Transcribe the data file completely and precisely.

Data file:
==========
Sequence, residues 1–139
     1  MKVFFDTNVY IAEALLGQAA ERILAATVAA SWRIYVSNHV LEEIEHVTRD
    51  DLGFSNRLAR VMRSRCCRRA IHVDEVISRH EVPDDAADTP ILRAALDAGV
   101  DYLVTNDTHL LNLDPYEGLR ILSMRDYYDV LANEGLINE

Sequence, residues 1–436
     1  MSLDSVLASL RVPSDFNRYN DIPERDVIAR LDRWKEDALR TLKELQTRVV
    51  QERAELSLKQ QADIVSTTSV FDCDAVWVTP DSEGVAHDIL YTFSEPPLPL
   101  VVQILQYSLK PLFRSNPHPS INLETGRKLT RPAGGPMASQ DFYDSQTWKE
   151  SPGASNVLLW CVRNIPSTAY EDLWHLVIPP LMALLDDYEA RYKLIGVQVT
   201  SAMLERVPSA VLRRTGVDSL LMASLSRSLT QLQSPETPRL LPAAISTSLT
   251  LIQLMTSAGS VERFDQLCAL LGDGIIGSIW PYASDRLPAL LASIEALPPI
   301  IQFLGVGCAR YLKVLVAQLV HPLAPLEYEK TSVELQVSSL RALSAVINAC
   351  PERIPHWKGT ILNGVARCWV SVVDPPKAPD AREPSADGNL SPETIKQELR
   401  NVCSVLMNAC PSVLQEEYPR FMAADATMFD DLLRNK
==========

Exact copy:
Sequence, residues 1–139
     1  MKVFFDTNVY IAEALLGQAA ERILAATVAA SWRIYVSNHV LEEIEHVTRD
    51  DLGFSNRLAR VMRSRCCRRA IHVDEVISRH EVPDDAADTP ILRAALDAGV
   101  DYLVTNDTHL LNLDPYEGLR ILSMRDYYDV LANEGLINE

Sequence, residues 1–436
     1  MSLDSVLASL RVPSDFNRYN DIPERDVIAR LDRWKEDALR TLKELQTRVV
    51  QERAELSLKQ QADIVSTTSV FDCDAVWVTP DSEGVAHDIL YTFSEPPLPL
   101  VVQILQYSLK PLFRSNPHPS INLETGRKLT RPAGGPMASQ DFYDSQTWKE
   151  SPGASNVLLW CVRNIPSTAY EDLWHLVIPP LMALLDDYEA RYKLIGVQVT
   201  SAMLERVPSA VLRRTGVDSL LMASLSRSLT QLQSPETPRL LPAAISTSLT
   251  LIQLMTSAGS VERFDQLCAL LGDGIIGSIW PYASDRLPAL LASIEALPPI
   301  IQFLGVGCAR YLKVLVAQLV HPLAPLEYEK TSVELQVSSL RALSAVINAC
   351  PERIPHWKGT ILNGVARCWV SVVDPPKAPD AREPSADGNL SPETIKQELR
   401  NVCSVLMNAC PSVLQEEYPR FMAADATMFD DLLRNK